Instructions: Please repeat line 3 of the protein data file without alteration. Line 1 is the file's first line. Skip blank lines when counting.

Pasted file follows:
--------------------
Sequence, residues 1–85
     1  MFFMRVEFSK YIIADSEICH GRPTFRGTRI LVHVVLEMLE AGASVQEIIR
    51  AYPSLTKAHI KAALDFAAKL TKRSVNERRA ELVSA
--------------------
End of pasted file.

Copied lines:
    51  AYPSLTKAHI KAALDFAAKL TKRSVNERRA ELVSA